TAC, the new classic, unites the three original game elements of board, cards and marbles in a classic strategy game that requires team spirit and skilful maneuvering. The exciting factor of chance is provided by 104 cards that make every game unique and guarantee plenty of surprises. However, the individual players’ “TACtik” experience is up to 90% decisive for success. This characteristic feature gives TAC a depth that fears no comparison with backgammon or chess. Yet, in contrast to these popular board games, the players only win within a team. Every player stays involved in the game right to the end. In addition, there is an exceptionally challenging version of the game that is reminiscent of solitaire. It is played in a team of four and is suited for tournaments. Here, the goal is to attain an optimal course of play, achieved in a combined effort.
The timeless design of the “new classic” is also unique. The artfully decorated, wooden TAC board could also easily pass as an elegant item of furniture or original wall decoration. Apart from a version in birch, the solid wood versions in mahogany and walnut give the game a luxurious feel. An exceptional TAC game version has also been developed especially for blind players.
Features of the game – gripping excitement within a team
TAC is suited for two to four players (ideally four) from the age of 8 years and older. The course of the game is determined by an explosive mix of strategy, tactic and chance. The game’s key elements are a wooden board, four times four marbles as game stones, and 104 playing cards, which determine the moves instead of dice. Many special functions and the necessity of continually having to adapt the individually planned strategy to new situations ensure suspense throughout the game. The simple rules of the game place no high intellectual demands on the players, yet experience, team spirit and steady nerves contribute to the fun. The game lasts between 45 and 60 minutes. Generally speaking, though, a first game quickly turns into a tournament-like match series with changing teams and winners.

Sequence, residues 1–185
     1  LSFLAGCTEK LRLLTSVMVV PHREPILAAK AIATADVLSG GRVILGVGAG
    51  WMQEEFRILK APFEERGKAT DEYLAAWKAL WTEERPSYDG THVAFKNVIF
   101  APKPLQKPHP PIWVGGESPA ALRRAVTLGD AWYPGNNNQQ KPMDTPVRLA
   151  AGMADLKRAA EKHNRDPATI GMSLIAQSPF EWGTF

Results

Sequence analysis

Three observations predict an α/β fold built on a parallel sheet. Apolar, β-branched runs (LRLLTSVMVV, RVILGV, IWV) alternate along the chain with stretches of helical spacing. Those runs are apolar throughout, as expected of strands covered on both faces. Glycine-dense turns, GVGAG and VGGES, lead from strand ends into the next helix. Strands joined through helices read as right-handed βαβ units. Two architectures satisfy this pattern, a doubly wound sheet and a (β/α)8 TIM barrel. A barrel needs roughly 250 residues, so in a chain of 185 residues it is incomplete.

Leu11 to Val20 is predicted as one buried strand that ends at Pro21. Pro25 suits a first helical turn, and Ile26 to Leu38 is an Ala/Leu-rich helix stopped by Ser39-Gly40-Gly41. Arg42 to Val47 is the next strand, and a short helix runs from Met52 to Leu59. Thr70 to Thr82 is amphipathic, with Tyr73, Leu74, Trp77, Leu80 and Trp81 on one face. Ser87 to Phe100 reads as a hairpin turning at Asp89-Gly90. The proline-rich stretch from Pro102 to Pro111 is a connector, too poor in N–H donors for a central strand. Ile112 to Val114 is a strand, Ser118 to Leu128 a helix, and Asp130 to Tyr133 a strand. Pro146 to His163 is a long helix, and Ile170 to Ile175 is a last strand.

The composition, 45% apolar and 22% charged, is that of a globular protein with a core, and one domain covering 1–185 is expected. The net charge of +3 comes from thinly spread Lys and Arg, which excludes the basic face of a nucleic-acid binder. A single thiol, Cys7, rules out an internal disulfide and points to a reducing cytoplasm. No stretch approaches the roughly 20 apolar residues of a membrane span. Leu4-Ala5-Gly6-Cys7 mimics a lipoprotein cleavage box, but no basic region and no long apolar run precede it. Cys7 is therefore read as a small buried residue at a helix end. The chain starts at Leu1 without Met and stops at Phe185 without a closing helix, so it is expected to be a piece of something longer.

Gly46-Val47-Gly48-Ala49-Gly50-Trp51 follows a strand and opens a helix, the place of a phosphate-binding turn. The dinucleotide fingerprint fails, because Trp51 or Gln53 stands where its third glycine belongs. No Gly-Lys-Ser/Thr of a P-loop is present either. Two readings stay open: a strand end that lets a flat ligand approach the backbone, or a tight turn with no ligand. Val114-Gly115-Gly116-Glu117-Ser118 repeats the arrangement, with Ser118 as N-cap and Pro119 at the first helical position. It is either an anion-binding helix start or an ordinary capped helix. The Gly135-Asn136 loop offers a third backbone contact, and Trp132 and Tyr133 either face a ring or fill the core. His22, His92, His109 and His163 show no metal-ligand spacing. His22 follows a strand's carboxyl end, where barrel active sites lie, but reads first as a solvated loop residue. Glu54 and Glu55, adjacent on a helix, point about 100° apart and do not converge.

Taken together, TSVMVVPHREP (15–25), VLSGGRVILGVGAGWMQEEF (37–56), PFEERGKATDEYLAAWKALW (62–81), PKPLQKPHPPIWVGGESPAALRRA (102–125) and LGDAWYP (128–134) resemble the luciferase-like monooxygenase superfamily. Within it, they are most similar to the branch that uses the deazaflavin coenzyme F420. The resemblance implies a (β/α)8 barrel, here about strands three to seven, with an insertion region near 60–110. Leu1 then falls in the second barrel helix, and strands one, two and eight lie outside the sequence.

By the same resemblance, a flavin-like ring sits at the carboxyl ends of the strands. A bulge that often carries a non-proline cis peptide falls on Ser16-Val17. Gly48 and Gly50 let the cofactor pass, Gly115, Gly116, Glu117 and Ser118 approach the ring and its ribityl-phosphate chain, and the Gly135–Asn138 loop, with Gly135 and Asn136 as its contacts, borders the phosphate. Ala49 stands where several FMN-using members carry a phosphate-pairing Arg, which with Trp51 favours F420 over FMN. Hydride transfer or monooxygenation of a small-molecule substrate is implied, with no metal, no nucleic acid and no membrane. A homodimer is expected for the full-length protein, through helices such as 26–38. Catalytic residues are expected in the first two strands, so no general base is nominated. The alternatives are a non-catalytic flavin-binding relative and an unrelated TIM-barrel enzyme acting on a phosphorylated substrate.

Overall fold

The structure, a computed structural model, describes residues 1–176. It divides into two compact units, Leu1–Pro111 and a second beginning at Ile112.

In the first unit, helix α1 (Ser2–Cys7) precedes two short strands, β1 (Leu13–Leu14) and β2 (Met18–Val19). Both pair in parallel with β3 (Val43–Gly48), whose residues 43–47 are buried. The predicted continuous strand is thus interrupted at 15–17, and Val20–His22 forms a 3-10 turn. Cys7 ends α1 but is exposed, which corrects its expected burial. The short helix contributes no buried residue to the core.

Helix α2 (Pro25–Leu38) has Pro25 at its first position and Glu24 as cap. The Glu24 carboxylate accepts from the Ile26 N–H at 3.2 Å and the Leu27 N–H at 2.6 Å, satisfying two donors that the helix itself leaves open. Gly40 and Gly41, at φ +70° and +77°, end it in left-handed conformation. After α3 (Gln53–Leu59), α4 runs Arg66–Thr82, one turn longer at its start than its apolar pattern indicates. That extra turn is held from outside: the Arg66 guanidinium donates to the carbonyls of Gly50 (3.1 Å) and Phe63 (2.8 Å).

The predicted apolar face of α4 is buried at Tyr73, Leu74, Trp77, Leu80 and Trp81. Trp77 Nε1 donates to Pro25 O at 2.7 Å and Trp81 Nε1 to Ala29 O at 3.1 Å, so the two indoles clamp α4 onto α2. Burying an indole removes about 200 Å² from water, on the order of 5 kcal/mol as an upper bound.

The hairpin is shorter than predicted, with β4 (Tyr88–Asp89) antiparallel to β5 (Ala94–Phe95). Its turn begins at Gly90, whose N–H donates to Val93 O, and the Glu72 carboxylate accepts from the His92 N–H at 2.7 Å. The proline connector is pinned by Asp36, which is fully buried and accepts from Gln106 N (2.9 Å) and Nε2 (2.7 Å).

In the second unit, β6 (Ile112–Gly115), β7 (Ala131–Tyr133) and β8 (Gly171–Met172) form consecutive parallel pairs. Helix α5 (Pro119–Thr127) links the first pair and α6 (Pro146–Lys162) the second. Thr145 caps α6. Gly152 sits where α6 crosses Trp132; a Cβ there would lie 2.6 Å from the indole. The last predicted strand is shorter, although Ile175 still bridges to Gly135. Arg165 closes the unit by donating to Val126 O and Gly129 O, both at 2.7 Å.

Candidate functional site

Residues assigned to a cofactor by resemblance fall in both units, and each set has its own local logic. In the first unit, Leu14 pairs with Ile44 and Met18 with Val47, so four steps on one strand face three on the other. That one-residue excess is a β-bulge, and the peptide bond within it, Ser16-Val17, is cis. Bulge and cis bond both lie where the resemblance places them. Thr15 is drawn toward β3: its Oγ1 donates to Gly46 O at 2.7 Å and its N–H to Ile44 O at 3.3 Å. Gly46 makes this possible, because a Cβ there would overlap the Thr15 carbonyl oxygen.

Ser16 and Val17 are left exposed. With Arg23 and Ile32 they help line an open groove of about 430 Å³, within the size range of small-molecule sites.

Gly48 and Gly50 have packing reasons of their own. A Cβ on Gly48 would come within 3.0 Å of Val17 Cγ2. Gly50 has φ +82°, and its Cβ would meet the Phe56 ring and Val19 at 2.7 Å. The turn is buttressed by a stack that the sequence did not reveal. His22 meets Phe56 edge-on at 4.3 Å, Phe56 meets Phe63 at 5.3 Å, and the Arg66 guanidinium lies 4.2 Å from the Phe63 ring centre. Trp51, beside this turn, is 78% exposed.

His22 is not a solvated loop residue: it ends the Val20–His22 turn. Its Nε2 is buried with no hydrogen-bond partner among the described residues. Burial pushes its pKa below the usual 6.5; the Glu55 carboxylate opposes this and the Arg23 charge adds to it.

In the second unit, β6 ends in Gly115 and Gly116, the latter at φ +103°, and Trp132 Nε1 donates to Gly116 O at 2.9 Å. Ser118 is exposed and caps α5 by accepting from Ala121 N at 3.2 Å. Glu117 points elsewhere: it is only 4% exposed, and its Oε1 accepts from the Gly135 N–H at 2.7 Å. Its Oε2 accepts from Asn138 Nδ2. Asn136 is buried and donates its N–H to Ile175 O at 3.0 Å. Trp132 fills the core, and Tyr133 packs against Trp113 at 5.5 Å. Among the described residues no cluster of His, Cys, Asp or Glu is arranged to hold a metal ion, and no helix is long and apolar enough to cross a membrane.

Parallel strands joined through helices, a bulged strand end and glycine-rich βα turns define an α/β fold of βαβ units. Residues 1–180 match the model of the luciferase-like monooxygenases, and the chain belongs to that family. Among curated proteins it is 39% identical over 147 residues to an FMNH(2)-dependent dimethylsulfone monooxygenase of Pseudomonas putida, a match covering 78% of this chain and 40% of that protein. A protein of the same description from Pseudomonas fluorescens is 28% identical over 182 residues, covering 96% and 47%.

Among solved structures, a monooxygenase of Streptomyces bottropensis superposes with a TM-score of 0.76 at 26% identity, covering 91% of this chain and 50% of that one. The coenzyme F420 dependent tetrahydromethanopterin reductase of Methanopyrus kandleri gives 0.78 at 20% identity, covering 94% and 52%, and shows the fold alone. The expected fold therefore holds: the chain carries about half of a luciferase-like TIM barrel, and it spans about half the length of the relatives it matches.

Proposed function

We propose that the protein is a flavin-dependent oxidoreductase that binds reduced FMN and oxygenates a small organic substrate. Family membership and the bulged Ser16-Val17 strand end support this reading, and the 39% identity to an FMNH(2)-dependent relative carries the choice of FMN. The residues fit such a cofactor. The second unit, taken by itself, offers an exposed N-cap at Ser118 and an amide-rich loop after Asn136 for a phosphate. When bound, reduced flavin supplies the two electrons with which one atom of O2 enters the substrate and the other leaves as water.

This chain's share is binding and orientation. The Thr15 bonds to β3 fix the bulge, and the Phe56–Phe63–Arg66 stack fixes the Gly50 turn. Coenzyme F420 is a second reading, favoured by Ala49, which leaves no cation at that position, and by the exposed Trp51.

The authors’ open confession to haptics and quality are reflected in the classic game elements. High-quality cards are played in a central, circular felt-lined area; hand-picked glass marbles move to the safe “house” along an outside ring of 64 half-rounded indentations. To improve environmental compatibility, the TAC game consists mainly of natural materials. The board and the card motifs on a graphic original form, the so-called “flower of life”, symbolize timeless gaming fun. Even the character font, typical for TAC, was consistently aligned to this design.
Both practical experience and tests carried out to date confirm that the TAC game guarantees immediate and continuous fascination and fun. No game is like the other. All players can decisively influence the course of the game right up to the very last second. Characteristic for the game’s consistent thrill is that the players demonstrate an enormous range of - in part - highly intensive emotions: “From exuberant joy to depths of despair”, the game authors Kolja Sparrer and Karl Wenning describe this range of emotions.
However, the greatest feeling is that of “double joy”, which refers to every mutually-elaborated game that has been won. The immediate effect of good team work on the success can be experienced playfully. TAC practices important social competences such as perception, non-verbal communication, interpretation ability and intuitive action, as well as the simultaneous experience of working against one another and with one another, or in competition and teamwork.